Daily Notes for Sunday: Stephen Jackson back

Matchups for Sunday, Nov. 18

All times are expressed in Eastern Time.
Key: Opp. PPG = Points per game allowed to opponents. Opp. FGP = Field goal percentage allowed to opponents. RPG Diff. = The difference between team's rebounds per game and its opponents' rebounds per game.

Injury Report:


Shareef Abdur-Rahim, PF/C, Kings (knee)
Chauncey Billups, PG, Pistons (knee, hip)
Eddie House, PG/SG, Celtics (ankle)
Antonio McDyess, PF, Pistons (shoulder)
Rasho Nesterovic, C, Raptors (ankle)
J.J. Redick, SG, Magic (back)
Ronny Turiaf, PF, Lakers (ankle)

Start 'Em, Sit 'Em

Stephen Jackson returns for the Warriors against the Raptors, and you will want him in your lineup. Kelenna Azubuike has performed exceptionally while Jackson's been suspended, but Jackson is the captain and I would expect him to get minutes right away. [e] As for the Raptors, you should pretty much be starting anyone you own against Golden State. The Warriors' defense has been horrible, and opposing teams are shooting the lights out from just about everywhere on the floor against them. Even if Toronto loses, you can expect some pretty good fantasy performances. [e] Rajon Rondo looks like a good play against Orlando, as the Magic haven't been good about forcing teams to shoot from outside. He should get a few steals, too, since Jameer Nelson hasn't been great about taking care of the ball. [e] The Celtics, on the other hand, have been forcing a ton of jump shots, and Orlando might be able to take advantage; Hedo Turkoglu and Rashard Lewis have the height to shoot over the Celtics guards, and the quickness to pose matchup problems for Kevin Garnett and Kendrick Perkins. The Celtics defense has been stellar so far, but this is a home game for Orlando, and I'm not sure how well the C's can matchup with Orlando's frontcourt. [e] Sacramento's defense has been allowing teams to shoot 40 percent on 3-pointers thus far, and I would expect Rasheed Wallace and Chauncey Billups to get plenty of chances from behind the arc. I might sit Richard Hamilton and Tayshaun Prince, both of whom will likely have to either deal with Ron Artest or spend the night chasing Kevin Martin around. Hamilton has struggled a bit this year when he's faced good defense, and if he has Artest on him, he might be in for an off night. [e] Chicago has really struggled shooting the ball so far this year, and the Lakers have been playing pretty good perimeter defense. I would still start Kirk Hinrich and Ben Gordon, but I'm not expecting tremendous efforts. [e] I would absolutely be starting Andrew Bynum though. Ben Wallace has not been himself so far this year for the Bulls, and Chicago doesn't have anyone else with the size and strength to deal with Bynum.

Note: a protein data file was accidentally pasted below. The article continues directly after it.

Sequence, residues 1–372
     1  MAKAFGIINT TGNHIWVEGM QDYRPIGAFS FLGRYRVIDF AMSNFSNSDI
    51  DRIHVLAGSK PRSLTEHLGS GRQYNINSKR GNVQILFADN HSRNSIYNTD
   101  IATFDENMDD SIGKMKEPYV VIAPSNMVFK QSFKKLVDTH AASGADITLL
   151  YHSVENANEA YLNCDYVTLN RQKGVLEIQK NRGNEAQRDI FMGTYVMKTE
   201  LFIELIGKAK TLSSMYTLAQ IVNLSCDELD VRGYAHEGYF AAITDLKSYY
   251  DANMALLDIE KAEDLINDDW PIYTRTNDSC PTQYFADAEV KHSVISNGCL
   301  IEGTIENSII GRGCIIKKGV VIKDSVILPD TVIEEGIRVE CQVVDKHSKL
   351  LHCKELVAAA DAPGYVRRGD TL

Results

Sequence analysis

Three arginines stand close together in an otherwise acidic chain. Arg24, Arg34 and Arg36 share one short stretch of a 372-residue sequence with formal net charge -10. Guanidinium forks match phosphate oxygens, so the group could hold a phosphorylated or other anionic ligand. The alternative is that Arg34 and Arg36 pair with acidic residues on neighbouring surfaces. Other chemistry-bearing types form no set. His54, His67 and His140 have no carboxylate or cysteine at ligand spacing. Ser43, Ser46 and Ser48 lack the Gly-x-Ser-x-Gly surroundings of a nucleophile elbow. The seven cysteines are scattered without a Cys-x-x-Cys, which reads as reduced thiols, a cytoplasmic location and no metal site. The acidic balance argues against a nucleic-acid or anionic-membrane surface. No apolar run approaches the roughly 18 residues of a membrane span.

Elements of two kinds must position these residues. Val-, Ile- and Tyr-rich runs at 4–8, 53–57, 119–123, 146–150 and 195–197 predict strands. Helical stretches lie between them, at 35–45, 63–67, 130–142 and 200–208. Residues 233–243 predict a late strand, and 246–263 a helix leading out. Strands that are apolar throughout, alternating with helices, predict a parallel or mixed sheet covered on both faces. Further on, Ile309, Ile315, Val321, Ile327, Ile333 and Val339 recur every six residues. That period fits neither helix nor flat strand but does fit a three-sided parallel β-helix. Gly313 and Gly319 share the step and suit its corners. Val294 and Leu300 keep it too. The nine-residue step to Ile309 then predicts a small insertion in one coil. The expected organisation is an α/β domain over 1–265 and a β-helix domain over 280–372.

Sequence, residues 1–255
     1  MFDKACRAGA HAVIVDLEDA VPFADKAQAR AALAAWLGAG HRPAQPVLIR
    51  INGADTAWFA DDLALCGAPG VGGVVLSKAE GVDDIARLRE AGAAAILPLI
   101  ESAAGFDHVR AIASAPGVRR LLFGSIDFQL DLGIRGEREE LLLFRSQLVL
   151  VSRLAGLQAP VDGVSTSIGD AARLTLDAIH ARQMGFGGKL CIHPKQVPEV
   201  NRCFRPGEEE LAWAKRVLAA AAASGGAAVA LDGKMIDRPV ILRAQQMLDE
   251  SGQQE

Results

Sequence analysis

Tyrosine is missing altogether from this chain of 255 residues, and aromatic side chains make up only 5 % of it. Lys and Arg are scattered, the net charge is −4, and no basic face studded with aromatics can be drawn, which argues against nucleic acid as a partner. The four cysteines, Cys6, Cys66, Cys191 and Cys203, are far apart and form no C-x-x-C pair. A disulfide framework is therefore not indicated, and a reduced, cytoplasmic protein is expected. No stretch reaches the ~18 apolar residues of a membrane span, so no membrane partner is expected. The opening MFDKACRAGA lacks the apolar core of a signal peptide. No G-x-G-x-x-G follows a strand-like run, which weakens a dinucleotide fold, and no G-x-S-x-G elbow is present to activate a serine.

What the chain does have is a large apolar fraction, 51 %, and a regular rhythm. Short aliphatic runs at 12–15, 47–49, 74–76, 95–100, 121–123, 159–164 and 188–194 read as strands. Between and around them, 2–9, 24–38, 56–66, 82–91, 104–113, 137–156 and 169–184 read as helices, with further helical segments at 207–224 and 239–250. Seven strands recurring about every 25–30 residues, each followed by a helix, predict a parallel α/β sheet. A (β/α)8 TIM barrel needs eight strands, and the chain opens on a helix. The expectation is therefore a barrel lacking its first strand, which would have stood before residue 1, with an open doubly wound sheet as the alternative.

Waiver-Wire pickups

Since he's probably still available in your league, now is the time to pickup Toronto's Jamario Moon if you need a small forward. He's quickly becoming a key player for the Raptors, his FG% is terrific, and he's averaging 1.75 steals and 0.5 blocks per game. He's an excellent candidate for a breakout against Golden State. [e] Keith Bogans has been playing very well for Orlando, and he's only owned in 13 percent of leagues right now. He's hitting more than 2 3's per game, and he hardly ever turns the ball over. The matchup against the Celtics might not be a great one for him, but as long as he's playing more than 30 minutes a night, he's worth having on your bench. [e] Beno Udrih got the start over John Salmons at point guard for Sacramento against Minnesota. I wouldn't start any Kings who aren't named Kevin Martin or Ron Artest against Detroit, but Beno is definitely worth picking up if he is starting. [e] Tyrus Thomas shouldn't exactly be considered a waiver-wire guy, as he's owned in 62 percent of leagues, but that number seems ridiculously low to me. Yes, he'll hurt you from the foul line, but if you stash him on your bench and play him when the matchup is right, he could be a tremendous source of both blocks and steals. If he was available in my league, I'd be picking him up and playing him often.

Seth Landman is a fantasy basketball analyst for ESPN.com